Helping Children Manage Failure Positively

The word FAIL has been the acronym to ‘First Attempt In Learning’. This means the possibility of not getting things right the very first time is guaranteed. Let’s start from the very first time a baby latch on the breast. Most mothers have mentioned it took some adjusting for both them and the baby. Moving on to a toddlers’ first step, sitting up or trying a new food taste. All these instances show failing is part of the human development and journey of life, but what makes the difference is how individually we deal with the challenge. I have seen parents given up on the first try at introducing new food to children while others have gone on to successes with the right support.

As children grow, they will fail in friendship, relationships, task, accomplishment, homework, class work, sports and different types of activities. However, we as parents should be there to provide the help and support needed during the situation. The first major exams my son wrote, was the first time he dealt with failure. He did not make the marks needed for certain schools. He cried so much as this was very upsetting for him. When asked why he felt this way he indicated he had let us his parents down and felt he did so well on the day of the exam. As parents what did we do to help him during this process?fail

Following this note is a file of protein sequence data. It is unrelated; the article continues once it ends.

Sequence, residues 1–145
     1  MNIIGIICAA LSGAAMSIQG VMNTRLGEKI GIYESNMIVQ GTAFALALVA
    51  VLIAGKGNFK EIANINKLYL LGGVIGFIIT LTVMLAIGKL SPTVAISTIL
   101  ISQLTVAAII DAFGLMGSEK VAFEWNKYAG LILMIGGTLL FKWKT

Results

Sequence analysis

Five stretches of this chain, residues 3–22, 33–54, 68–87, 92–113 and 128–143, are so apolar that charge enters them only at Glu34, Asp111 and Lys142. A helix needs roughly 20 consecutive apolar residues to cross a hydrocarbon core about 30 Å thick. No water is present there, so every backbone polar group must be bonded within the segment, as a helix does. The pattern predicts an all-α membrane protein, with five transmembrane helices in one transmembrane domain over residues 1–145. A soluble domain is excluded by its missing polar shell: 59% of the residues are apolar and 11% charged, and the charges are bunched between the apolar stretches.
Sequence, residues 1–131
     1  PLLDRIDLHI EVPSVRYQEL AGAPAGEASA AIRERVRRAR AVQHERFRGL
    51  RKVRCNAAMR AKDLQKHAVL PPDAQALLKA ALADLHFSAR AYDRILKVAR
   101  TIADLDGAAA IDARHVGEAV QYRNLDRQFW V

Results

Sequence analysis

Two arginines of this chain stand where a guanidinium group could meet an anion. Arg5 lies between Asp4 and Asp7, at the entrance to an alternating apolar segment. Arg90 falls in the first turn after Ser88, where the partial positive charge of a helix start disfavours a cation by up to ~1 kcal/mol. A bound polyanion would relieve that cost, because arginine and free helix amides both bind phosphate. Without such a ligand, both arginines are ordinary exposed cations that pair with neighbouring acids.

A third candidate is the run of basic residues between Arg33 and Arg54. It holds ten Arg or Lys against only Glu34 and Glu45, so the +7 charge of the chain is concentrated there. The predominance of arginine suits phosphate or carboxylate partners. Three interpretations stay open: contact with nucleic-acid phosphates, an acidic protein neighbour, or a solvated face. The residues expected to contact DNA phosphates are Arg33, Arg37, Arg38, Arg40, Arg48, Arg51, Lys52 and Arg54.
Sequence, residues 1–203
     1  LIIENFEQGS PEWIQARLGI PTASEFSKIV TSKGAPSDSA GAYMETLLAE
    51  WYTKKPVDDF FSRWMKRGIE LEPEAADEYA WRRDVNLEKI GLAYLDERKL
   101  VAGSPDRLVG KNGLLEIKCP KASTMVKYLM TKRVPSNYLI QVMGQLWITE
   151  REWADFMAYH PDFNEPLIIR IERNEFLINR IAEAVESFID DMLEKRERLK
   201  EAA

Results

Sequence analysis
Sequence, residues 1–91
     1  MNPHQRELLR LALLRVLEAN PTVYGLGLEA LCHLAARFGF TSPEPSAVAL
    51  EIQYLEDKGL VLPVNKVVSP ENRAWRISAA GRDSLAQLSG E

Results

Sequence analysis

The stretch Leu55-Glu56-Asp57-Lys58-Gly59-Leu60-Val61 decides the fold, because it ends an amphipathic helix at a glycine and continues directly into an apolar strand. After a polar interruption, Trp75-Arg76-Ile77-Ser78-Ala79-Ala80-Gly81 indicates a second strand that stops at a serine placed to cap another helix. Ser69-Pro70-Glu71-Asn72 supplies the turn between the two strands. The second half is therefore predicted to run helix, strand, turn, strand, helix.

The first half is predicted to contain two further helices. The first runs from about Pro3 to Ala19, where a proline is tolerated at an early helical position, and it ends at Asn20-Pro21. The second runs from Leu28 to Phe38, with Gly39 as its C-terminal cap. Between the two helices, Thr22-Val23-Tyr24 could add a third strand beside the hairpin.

1. Reassured him that he did not let us down, thou we would have loved him to make the marks needed.
  2. Prepare himself better for the next exam. Asked him what he thought were his weakness during exam, we then gave him the tools and techniques needed to improve these weaknesses.
  3. Told him, it was not the end of the world. Thou that opportunity was gone, there are more opportunities to come.
  4. Help build back his confidence. Focused and reminded him of other accomplishments he had achieved.
  5. Tell him failing is part of life but not to get stuck in it. To move on or try again at the task.

In the 2015 Wimbledon and 2016 Australian women tennis tournament, Sirena Williams has shown an A star behaviour of managing failure. Although as of when these games were played, she was the number one world female tennis played. When she came the runner-up and failed to reach the first place for these tournaments, she dealt with it gracefully. This example shows we all deal with failure, but how we deal with it is what makes us different. Helping children have an understanding of failure contribute to their output in life and seeing it from a positive perspective.

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